Sunday, 24 April 2011

Shuffle, Shuffle, Moan, Shuffle, Groan, Scream, Run!!!

There seems to be myth perpetuating within horror that’s gathering speed at a frightening rate. On some levels it’s affecting the genre and passing off perfectly sound films as trash. This myth tries to affect the way writers, producers and directors come about their ideas and the way they transfer them to the page and ultimately the big screen. So, what is this argument? Zombies have set rules.
I’m not saying zombies don’t have rules, no not at all. It is screenwriting 101 that the universe you create must have rules that you abide by. However, the rules your zombies endure should be set by you and you alone. Have your zombies shuffle, have them run, have tearing up the road on a Harley Davidson just be sure you set the rules and you stick to them.

The rules that many believe to be gospel are long standing, dating back to George A. Romero’s “Night of the Living Dead”. These rules are only in place because Romero dared to challenge the existing, tired premise of what a zombie was though. Before Romero zombie didn’t crave flesh, most never killed and they were rarely actually dead. Pre-Romero zombies were brain dead plantation workers, zombified by a bokor.

Romero stripped the zombie subgenre down to its parts before rebuilding it into something new and relevant to the culture of the period. Romero, in an act not unlike the cadavers in his films, killed the genre, resurrected it and watched it take over the world. It was bold move but it revolutionised zombie cinema and now Romero is synonymous with the undead.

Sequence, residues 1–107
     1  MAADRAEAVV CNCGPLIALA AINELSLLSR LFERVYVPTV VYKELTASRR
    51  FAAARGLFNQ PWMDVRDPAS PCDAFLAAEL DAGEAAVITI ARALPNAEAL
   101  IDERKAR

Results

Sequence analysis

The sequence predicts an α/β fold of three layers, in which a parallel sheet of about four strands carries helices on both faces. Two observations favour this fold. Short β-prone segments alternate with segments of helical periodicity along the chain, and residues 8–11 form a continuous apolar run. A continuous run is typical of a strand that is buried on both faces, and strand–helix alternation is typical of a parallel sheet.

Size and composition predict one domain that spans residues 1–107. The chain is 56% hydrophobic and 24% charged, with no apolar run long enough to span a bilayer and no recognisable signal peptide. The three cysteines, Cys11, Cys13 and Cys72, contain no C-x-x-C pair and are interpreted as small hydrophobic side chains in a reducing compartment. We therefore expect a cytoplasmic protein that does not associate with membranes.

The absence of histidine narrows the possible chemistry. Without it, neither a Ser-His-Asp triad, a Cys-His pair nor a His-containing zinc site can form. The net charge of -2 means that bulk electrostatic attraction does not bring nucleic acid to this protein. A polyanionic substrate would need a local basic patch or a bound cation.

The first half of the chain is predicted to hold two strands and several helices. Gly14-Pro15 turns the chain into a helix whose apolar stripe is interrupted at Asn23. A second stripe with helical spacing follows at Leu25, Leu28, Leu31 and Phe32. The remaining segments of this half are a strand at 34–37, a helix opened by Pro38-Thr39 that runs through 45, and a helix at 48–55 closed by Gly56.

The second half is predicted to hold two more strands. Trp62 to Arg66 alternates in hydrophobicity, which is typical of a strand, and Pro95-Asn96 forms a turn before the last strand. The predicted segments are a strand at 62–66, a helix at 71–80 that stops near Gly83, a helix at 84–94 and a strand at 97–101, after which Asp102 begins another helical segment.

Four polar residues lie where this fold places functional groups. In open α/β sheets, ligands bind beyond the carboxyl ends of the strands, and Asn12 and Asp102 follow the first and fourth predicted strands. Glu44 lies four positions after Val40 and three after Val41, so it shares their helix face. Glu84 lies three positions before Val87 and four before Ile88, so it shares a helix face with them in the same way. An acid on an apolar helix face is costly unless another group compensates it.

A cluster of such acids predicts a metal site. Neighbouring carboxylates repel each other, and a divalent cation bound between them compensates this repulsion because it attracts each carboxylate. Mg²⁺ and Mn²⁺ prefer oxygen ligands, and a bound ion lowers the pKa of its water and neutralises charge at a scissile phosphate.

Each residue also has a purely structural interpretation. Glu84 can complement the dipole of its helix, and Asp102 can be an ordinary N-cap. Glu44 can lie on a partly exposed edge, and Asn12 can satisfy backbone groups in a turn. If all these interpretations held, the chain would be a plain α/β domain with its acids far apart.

Now it seems that anybody who tries to do the same is torn to shreds and cast asunder by the same people who praise Romero, often “fanboys” who would gladly shuffle off the end of the earth if George told them to. 

Now I admire Romero and what he did for the genre but am I the only person who sees the hypocrisy in this argument? How can people praise a film maker for being daring by turning a tired format into something new a fresh, yet write off anyone who tries it subsequently?
I have read numerous articles and blog posts in recent weeks declaring that zombies have run (or at least shuffled) their course, that they aren’t nearly as entertaining or terrifying as they once were, more shambolic than shambling. 

So, maybe it’s time that zombies evolved into something to cause us terror again because the truth is the audience has evolved too. The “Dawn of the Dead” remake and Charlie Brooker’s “Dead Set” showed how terrifying fast moving zombies can be and how much more relevant they are to our culture. In a new fast moving world of fast food, instant downloads, on demand TV and anything just click of a button away maybe it’s time our zombies picked up the pace a bit or run the risk of being left behind.

Sunday, 20 February 2011

Circus of Horrors

Cirque Du Soleil directed by Quentin Tarantino!” That’s how ‘Circus of Horrors’ is described by lead performer and show creator Doktor Haze. Last week I clambered from my hovel, with Mrs Fright Writer in tow, to cast a beady eye over this freak show.

So, on a cold, February night in Cardiff I find myself stood outside a theatre waiting to see the performance, but in reality, the show has already begun. A hunchback shambles his way up and down the queue entertaining the crowd.